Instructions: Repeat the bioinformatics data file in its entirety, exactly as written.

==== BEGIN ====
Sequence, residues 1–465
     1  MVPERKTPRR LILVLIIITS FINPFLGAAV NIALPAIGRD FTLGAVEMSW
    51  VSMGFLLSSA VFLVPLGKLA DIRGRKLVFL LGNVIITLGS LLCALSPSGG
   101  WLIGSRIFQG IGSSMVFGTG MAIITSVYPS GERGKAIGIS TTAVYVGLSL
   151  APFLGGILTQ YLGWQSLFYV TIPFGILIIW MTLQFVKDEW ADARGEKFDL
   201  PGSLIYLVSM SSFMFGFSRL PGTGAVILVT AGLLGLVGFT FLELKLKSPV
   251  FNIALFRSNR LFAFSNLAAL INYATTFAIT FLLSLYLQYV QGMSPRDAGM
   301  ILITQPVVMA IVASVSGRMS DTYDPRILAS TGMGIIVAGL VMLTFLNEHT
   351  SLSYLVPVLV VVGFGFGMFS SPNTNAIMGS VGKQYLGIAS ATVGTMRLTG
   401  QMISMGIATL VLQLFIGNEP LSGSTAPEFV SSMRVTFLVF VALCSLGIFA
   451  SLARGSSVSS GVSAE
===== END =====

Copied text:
Sequence, residues 1–465
     1  MVPERKTPRR LILVLIIITS FINPFLGAAV NIALPAIGRD FTLGAVEMSW
    51  VSMGFLLSSA VFLVPLGKLA DIRGRKLVFL LGNVIITLGS LLCALSPSGG
   101  WLIGSRIFQG IGSSMVFGTG MAIITSVYPS GERGKAIGIS TTAVYVGLSL
   151  APFLGGILTQ YLGWQSLFYV TIPFGILIIW MTLQFVKDEW ADARGEKFDL
   201  PGSLIYLVSM SSFMFGFSRL PGTGAVILVT AGLLGLVGFT FLELKLKSPV
   251  FNIALFRSNR LFAFSNLAAL INYATTFAIT FLLSLYLQYV QGMSPRDAGM
   301  ILITQPVVMA IVASVSGRMS DTYDPRILAS TGMGIIVAGL VMLTFLNEHT
   351  SLSYLVPVLV VVGFGFGMFS SPNTNAIMGS VGKQYLGIAS ATVGTMRLTG
   401  QMISMGIATL VLQLFIGNEP LSGSTAPEFV SSMRVTFLVF VALCSLGIFA
   451  SLARGSSVSS GVSAE